Wednesday, October 27, 2010

Sacholes Prop Countdown: Prop 20 is a redistricting prop



Removes elected representatives from process of establishing congressional districts and transfers that authority to recently-authorized 14-member redistricting commission comprised of Democrats, Republicans, and respresentatives of neither party. Fiscal Impact: No significant net change in state redistricting costs.

Yes:  This gives redistricting rights to the Citizens Redistricting Commission, a commission established by Proposition 11 in 2008.
NO:  The responsibility to determine the boundaries of California's districts in the U.S. House of Representatives would remain with the Legislature.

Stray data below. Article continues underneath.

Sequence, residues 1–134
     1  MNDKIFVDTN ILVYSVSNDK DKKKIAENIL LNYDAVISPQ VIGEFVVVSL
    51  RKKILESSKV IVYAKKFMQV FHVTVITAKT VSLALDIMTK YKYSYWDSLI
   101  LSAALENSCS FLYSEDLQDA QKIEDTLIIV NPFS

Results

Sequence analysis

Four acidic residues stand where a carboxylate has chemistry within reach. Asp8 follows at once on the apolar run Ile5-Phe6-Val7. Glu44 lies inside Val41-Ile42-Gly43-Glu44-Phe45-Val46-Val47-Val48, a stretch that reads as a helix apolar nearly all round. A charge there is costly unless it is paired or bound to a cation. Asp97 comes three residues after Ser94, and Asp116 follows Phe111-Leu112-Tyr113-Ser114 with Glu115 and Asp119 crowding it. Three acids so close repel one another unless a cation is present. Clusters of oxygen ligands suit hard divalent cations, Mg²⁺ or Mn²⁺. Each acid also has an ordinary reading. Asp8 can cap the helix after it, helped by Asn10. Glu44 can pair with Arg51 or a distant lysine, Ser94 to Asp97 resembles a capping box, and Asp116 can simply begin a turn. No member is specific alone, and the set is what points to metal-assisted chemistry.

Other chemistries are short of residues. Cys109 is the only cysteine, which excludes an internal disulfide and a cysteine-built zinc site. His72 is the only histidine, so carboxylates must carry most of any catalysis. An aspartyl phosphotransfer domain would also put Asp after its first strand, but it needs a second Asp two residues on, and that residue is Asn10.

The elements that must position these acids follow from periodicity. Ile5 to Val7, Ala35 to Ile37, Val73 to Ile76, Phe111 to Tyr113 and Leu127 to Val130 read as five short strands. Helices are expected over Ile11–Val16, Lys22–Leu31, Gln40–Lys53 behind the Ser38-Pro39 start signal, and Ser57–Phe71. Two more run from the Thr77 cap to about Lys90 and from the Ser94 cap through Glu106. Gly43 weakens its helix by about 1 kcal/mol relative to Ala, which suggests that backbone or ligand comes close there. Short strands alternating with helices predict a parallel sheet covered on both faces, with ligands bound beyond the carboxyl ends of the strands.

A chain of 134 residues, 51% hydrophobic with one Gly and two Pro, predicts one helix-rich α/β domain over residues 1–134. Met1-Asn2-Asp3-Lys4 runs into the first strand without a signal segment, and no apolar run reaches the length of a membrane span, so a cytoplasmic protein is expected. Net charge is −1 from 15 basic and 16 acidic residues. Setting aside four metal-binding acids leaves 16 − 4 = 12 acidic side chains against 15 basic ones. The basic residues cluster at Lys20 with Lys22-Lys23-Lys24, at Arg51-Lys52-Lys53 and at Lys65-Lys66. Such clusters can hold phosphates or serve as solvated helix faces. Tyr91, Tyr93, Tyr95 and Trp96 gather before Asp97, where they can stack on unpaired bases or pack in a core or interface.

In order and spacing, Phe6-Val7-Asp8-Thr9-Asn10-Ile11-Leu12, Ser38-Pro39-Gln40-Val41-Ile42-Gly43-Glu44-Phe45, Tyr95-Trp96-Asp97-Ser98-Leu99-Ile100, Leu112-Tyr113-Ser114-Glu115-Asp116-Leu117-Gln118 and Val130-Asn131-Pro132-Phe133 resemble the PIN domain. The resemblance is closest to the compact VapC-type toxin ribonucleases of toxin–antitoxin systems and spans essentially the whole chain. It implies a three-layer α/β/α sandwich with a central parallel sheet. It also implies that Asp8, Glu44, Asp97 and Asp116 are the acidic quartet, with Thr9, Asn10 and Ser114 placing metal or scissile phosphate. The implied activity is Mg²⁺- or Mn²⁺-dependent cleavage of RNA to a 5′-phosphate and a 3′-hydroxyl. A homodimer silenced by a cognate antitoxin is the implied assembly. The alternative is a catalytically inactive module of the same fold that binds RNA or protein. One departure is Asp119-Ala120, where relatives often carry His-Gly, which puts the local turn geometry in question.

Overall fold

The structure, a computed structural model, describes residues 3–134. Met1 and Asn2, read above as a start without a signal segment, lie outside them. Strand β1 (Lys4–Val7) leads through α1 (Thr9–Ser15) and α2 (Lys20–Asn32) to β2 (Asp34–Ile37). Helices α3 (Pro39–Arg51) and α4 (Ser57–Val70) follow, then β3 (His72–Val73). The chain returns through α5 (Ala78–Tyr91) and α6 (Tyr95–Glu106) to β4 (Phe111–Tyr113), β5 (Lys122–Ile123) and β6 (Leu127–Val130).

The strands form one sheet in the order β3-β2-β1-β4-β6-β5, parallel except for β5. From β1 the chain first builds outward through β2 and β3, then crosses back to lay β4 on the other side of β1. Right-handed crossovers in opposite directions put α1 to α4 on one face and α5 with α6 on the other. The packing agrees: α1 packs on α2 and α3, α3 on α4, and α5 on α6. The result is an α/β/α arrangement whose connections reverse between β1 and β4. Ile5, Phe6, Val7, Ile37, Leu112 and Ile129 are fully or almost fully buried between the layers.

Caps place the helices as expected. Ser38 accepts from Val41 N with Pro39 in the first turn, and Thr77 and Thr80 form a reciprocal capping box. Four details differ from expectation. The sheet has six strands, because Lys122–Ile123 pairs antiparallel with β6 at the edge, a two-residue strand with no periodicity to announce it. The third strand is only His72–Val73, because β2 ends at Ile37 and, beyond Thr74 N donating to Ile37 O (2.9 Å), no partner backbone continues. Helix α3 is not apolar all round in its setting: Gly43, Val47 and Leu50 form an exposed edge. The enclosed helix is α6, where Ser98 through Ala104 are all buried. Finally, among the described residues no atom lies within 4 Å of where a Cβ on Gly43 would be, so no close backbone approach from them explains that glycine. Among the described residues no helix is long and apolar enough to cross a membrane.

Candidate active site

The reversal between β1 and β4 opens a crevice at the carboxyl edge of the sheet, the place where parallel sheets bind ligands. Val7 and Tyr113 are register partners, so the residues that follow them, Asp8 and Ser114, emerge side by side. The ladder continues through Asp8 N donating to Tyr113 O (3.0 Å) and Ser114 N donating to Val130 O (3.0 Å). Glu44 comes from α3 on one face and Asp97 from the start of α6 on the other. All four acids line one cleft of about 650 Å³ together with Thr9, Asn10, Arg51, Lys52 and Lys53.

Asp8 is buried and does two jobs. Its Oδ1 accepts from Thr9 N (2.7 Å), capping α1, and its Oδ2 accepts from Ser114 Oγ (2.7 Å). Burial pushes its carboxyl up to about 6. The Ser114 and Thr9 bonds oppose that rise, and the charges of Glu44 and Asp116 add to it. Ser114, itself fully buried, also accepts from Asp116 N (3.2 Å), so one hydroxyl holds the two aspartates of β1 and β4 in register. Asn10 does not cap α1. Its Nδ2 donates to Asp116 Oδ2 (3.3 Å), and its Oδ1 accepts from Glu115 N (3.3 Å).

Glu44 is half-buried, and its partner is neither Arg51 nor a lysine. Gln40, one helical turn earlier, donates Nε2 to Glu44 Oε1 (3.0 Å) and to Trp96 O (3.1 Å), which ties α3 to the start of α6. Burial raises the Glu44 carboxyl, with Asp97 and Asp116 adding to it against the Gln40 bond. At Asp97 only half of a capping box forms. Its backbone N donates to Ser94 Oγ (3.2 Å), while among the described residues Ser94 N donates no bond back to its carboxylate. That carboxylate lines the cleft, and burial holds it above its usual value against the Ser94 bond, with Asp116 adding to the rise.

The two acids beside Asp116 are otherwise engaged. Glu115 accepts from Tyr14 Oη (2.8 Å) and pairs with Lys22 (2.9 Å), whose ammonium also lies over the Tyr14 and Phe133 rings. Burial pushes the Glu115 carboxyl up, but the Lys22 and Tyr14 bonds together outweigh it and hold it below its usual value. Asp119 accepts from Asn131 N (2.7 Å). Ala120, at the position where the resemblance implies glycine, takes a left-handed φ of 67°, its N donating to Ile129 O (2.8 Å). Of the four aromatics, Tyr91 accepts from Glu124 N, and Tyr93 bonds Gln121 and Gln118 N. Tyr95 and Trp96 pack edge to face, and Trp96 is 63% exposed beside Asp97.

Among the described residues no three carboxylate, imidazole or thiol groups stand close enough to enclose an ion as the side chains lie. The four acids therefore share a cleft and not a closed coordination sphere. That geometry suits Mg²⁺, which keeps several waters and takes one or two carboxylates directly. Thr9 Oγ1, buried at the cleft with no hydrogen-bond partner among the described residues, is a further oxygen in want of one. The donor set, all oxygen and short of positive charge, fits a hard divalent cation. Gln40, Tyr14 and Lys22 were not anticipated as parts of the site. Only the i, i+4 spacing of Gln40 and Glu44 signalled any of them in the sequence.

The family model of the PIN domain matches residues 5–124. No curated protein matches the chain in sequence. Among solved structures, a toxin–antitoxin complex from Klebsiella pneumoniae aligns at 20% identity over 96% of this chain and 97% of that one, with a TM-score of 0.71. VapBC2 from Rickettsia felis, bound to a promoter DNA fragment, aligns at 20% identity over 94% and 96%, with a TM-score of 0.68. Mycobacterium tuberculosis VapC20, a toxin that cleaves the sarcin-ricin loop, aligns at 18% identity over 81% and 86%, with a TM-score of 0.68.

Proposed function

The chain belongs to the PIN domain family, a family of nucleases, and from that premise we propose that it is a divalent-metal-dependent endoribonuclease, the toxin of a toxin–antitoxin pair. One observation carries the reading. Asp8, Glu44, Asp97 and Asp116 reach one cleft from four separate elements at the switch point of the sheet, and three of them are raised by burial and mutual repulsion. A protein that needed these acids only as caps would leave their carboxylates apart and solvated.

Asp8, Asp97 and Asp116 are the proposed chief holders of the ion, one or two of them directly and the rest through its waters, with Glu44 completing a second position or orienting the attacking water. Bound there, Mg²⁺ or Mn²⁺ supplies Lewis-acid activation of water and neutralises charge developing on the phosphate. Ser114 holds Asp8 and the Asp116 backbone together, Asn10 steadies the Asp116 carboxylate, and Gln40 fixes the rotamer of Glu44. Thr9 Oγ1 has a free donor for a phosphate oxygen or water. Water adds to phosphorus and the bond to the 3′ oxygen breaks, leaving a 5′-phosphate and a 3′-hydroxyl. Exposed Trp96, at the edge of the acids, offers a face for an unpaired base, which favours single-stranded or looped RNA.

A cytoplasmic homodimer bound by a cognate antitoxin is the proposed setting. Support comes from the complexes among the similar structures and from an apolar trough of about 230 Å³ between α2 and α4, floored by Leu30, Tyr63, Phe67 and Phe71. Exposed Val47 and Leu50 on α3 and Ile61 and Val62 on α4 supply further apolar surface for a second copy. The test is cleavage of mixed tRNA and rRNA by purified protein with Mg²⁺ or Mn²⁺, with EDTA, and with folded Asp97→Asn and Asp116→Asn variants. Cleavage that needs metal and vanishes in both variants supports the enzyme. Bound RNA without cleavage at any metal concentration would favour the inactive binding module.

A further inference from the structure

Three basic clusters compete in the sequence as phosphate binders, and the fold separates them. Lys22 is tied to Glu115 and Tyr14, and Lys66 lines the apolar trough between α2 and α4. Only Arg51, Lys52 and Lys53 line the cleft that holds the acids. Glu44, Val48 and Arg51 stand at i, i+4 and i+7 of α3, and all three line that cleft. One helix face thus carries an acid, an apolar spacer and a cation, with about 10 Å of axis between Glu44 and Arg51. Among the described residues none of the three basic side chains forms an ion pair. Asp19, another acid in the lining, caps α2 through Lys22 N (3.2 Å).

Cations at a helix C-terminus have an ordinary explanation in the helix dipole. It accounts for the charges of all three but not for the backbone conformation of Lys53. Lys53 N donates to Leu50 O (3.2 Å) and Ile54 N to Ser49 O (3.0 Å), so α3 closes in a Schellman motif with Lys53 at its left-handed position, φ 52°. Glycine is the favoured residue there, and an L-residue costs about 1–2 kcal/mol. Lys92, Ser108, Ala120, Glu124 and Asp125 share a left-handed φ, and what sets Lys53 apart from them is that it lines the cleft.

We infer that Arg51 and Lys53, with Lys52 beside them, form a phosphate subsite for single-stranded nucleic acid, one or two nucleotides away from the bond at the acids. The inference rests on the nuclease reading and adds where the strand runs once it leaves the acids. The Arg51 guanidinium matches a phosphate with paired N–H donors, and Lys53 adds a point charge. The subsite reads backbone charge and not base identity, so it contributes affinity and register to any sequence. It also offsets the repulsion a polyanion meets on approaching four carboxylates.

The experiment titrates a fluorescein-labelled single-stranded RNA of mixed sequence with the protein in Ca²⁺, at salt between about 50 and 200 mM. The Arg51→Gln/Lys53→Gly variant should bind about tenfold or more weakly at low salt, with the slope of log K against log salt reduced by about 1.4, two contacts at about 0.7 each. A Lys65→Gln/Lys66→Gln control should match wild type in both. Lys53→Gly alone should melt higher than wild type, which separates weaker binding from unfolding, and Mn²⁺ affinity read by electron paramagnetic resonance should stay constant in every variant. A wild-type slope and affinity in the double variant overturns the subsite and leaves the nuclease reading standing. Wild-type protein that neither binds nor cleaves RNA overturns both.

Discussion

Voting Yes on Proposition 20 expands the work of the voter-approved independent Citizens Redistricting Commission so that the Commission, rather than politicians, draws election districts for members of Congress. It ensures voters can finally hold politicians accountable through fair elections. And if the politicians don’t do their jobs, Prop. 20 makes it easier to vote them out of office!

No: Sacramento Bee: "While [supporters of Proposition 20] are right to say that many congressional districts are drawn for purely partisan purposes and unfairly protect incumbents, reform needs to happen on the national level, not just in a single state. California's interests could be harmed if it alone undertook an experiment in reforming how congressional districts are drawn. Imprudently mapped districts could leave the state with far less seniority in Congress than it now enjoys, giving the state less clout over appropriations and legislation."

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